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Crude should be trading at US$75-US$80 [06-06-2011]  
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Crude oil prices, which are hovering at above US$100 (RM300) per barrel, should be between US$75 and US$80 (RM225 and RM240) a barrel in line with actual market conditions and fundamentals, a top industry executive said.

Petroliam Nasional Bhd (Petronas) president and chief executive officer Datuk Shamsul Azhar Abbas said oil prices have risen by more than US$25 (RM75) per barrel within a few months due to concerns of a supply disruption in the Middle East, North Africa as well as a weakening US dollar.

"Prices play a pivotal role in resource allocation decisions of both consumers and producers but are influenced by the actions of central bankers and financial speculators.

"How have we reached these price levels this early in the economic cycle given the absence of any real evidence of shortages in the market?," Shamsul asked in his keynote address at the 16th Asia oil and gas conference here yesterday.

On another note, he said global capital expenditure in the upstream sector is expected to rise, reaching a record high of US$410 billion (RM1.23 trillion) this year from US$380 billion (RM1.14 trillion) last year.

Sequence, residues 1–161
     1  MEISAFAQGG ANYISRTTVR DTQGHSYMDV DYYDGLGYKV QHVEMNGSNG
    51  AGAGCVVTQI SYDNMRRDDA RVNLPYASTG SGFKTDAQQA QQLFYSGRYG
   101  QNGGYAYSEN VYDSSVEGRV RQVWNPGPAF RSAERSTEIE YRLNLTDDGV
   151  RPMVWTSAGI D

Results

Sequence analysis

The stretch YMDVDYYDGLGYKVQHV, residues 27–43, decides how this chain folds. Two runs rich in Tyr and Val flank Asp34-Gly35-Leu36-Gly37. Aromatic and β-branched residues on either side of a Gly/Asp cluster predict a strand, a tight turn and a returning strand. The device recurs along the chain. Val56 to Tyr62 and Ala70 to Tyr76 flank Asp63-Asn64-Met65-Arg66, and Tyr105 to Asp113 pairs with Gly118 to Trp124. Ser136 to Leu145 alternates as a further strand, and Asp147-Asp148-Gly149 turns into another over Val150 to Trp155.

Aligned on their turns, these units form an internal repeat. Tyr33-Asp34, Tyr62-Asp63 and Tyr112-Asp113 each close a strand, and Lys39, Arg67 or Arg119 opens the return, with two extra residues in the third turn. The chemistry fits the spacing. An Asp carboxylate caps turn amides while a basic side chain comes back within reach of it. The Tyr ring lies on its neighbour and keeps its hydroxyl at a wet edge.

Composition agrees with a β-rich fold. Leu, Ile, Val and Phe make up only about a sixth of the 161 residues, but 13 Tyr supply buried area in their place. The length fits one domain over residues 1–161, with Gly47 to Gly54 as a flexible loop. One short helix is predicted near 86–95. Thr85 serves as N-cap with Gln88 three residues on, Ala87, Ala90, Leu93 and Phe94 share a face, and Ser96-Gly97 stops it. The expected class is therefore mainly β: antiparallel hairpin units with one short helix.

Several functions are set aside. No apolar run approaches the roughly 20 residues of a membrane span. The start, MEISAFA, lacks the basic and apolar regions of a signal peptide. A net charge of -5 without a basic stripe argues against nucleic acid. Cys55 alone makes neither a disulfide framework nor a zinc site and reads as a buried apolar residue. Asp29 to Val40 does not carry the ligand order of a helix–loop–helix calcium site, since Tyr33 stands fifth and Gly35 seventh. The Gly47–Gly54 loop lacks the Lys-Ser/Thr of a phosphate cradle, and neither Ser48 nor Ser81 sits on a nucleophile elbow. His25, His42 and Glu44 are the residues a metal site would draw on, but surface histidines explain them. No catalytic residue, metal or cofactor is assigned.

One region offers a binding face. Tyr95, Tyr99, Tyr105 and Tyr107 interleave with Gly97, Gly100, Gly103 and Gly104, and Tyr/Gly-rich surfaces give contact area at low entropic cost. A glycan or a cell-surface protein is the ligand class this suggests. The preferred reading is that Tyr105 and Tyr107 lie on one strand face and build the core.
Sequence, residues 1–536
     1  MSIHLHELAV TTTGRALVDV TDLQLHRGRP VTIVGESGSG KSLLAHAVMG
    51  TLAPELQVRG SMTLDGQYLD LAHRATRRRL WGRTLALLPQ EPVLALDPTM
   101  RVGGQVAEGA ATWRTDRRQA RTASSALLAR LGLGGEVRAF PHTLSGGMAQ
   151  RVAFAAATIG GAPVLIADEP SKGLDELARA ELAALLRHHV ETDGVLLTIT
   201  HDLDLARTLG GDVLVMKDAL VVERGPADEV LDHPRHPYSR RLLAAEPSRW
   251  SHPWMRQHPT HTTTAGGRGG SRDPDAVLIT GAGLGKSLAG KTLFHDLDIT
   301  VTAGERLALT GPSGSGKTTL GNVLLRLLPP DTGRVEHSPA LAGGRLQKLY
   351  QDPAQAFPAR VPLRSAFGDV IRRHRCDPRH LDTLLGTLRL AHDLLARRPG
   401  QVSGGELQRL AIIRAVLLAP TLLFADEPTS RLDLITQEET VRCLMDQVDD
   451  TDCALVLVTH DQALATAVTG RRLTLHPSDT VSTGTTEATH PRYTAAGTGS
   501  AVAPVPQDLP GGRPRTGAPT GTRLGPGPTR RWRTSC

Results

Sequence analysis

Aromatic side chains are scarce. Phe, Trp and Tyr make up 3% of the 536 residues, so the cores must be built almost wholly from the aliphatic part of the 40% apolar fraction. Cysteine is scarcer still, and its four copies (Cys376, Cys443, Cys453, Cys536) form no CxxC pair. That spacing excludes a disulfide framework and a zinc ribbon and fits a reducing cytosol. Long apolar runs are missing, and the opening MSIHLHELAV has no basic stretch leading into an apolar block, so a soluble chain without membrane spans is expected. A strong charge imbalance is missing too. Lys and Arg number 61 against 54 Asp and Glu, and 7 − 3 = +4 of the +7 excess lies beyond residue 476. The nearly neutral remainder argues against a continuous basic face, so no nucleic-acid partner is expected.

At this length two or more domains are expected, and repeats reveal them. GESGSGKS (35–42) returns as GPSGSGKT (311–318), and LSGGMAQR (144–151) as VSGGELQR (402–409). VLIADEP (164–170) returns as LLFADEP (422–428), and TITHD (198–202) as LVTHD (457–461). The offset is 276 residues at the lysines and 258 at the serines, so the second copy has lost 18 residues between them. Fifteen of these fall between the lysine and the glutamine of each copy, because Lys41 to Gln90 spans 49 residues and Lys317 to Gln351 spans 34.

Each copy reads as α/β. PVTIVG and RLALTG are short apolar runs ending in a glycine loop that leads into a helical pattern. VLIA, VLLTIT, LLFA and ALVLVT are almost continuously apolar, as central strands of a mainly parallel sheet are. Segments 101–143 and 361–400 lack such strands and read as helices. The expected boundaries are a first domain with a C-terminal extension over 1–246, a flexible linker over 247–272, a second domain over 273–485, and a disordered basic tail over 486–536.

Shamsul said the Organisation of the Petroleum Exporting Countries' spare capacity has fallen below four million barrels a day while inventory levels of crude palm oil and petroleum products have come off their highs.

Global natural gas rebounded strongly by 4.9 per cent and liquefied natural gas demand has increased 21 per cent. The buffers in supply that exist today might absorb this demand rise quite comfortably.

On Asia's future oil demand, Shamsul said the region is expected to consume more than 250 billion barrels of oil by 2030, more than sixfold than its current proved reserves of about 40 billion barrels.

"Asia's oil demand is projected to increase by two-thirds within the next 20 years. This will amount to more than 60 per cent of the gross increase in global demand over this period."

Shamsul said geology-based assessments suggest that Asia's undiscovered oil resources at around 50 billion barrels. The majority of these resources are likely to be located in small-and medium-sized fields, which collectively amount to a significant potential.

"At a recovery factor of 30 per cent, these undiscovered resources would translate into a resource base, one-and-a-half times the combined proved reserves of Indonesia, Vietnam and Malaysia," he noted.

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